REUNITES PUNKERS FOR (MOSTLY) ACOUSTIC SETS
If you ask a bunch
of punk-rockers even punk-rockers 15 years beyond their sneering
prime to tone things down for an acoustic show, you just
know that somewhere along the way one of them is going to mess it
Sure enough, Sunday
afternoon's "The Masque Unplugged" concert, a class reunion
of L.A.'s storied punk-rock bands of the late '70's, erupted with
a spasm of the old anarchy when the Skulls disregarded the acoustic
edict and let fly with some fuzz-guitar punk. The energy jumped
a notch higher when they replaced their faulty drum machine with
a drummer from the audience and charged through their old "Victim"
and the Randoms' "Let's Get Rid of New York."
If the rest of the
four hour-plus event was sedate by comparison, well, that was just
another incongruous element in a day marked by incongruities: once-wild
performers strumming acoustic guitars, formerly disenchanted youth
turning out to support a political office seeker (the sold-out event
raised more than $3000 for City Council candidate Jackie Goldberg).
And the site, the
old Silver Lake area flamenco restaurant El Cid, was a long way
in ambience from Hollywood's subterranean Masque, the cradle of
L.A.'s original punk-rock movement. That scene generated many great
bands, some big stars and many a minor legend who exerted influence
and then faded from sight.
Some of the biggest
names, such as X and members of the Go Go's, were unable to appear
Sunday because of prior commitments, according to organizer Nicole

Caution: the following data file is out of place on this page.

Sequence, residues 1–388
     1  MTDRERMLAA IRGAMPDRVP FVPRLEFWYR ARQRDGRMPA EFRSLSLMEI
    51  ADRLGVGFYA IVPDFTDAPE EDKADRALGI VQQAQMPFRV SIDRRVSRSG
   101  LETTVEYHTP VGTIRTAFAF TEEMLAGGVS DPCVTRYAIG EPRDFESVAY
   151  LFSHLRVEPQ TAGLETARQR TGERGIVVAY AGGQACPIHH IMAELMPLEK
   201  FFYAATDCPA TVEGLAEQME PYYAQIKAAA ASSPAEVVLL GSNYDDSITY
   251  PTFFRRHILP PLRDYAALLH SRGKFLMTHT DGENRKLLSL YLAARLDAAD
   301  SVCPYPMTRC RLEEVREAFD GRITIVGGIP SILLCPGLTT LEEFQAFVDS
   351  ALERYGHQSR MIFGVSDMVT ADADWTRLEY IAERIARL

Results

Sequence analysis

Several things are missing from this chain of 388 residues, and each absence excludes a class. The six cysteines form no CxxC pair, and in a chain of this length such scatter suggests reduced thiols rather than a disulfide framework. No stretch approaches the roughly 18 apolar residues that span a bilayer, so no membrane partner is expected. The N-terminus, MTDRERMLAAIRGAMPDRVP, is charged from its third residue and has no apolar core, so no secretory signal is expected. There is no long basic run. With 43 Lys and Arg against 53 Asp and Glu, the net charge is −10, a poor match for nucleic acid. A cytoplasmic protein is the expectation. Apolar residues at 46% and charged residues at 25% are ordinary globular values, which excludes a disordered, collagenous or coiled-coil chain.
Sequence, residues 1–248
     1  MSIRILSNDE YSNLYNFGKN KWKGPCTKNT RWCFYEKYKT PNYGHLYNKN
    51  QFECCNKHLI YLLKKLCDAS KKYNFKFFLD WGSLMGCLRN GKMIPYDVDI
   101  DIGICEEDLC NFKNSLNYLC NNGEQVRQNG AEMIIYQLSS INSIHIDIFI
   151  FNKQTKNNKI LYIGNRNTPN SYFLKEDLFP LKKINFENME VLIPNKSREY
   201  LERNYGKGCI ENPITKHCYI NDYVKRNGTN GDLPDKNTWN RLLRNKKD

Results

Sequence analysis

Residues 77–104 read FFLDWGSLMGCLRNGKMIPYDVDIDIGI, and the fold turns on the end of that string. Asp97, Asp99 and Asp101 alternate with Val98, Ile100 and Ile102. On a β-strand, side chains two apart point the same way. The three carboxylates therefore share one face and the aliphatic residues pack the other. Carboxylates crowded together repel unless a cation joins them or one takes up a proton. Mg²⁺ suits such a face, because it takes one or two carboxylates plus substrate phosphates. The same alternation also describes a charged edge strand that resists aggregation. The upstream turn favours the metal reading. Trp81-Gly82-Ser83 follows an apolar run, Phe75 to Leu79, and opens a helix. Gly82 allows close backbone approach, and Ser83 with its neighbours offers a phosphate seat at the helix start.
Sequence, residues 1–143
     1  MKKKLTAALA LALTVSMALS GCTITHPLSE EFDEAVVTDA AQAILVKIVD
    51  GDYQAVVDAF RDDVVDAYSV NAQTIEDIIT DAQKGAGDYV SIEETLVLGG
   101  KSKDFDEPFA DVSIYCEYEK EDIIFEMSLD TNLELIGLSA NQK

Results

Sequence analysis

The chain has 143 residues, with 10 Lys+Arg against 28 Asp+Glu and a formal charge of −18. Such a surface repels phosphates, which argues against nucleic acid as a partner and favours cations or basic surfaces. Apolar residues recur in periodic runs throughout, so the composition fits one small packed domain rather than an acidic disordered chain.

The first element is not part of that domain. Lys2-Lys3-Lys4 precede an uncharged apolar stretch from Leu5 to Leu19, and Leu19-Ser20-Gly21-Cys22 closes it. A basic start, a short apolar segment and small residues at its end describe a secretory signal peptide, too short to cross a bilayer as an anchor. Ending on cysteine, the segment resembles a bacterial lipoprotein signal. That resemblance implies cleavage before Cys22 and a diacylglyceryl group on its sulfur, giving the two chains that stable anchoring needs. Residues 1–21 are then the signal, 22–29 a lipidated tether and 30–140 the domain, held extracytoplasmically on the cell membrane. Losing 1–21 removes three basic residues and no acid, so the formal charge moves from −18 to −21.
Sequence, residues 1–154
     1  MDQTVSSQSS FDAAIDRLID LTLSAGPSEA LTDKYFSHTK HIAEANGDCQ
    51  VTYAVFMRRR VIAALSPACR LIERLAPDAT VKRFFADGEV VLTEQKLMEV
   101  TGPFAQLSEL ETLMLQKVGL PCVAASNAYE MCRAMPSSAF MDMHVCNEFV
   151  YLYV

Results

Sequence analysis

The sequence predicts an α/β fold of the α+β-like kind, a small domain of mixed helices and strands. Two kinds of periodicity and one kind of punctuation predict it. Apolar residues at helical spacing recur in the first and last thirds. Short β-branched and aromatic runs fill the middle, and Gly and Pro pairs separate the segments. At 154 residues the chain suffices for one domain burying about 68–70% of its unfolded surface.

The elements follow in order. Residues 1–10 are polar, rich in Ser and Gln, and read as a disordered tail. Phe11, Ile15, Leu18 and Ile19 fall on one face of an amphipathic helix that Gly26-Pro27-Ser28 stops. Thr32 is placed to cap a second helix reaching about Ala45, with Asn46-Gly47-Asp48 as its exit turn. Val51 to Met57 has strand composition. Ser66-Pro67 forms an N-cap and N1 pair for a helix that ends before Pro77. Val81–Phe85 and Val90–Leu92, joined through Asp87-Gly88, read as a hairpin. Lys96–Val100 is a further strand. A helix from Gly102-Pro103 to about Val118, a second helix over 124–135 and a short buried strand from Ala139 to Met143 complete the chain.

Panter of the Bohemian Women's Political Alliance, but this audience
wasn't on a star search. Someone quipped that it was like "a
high school reunion of all the really bad kids," but the constant
hugs and shrieks of recognition seemed truly sweet. These punks
were a micro-generation earlier than the rougher, rawer Black Flag
brigade, and their anger and alienation were informed by humor,
self-awareness and irony. On Sunday, they seemed downright sentimental.
More than a dozen
acts played short sets in the briskly moving program. Not surprisingly,
the ones that fared best musically were the ones that are still
working bands. The Last's folk-rock-cum-garage-rock style translated
especially well to the acoustic format, and, like many of the performers,
the trio combined the nostalgic with the current by following an
old punk anthem with a new tune, this one about the Gulf War.
who was known as Alice Bag when she fronted the Bags, is a member
of the popular Latin female trio Las Tres, and she offered a folk-jazz-cabaret
treatment of X Ray Spex's punk-rock classic "Oh Bondage Up
Yours!" Many of the performers demonstrated that when you play
punk acousticaly, you get something that sounds a bit like early
The Screamers, the
Alleycats' Randy Stodola, the Skulls, the Zeros, the Flesh Eaters,
Peter Case, Geza X it was like a comprehensive compilation
album come to life, and, while the musical quality itself varied
wildly, the point of the day was larger than that. Artists who questioned
the future so potently 15 years ago discovered that it does exist
and that their community endures.
That "trio" Last that performed was me, Luke & brother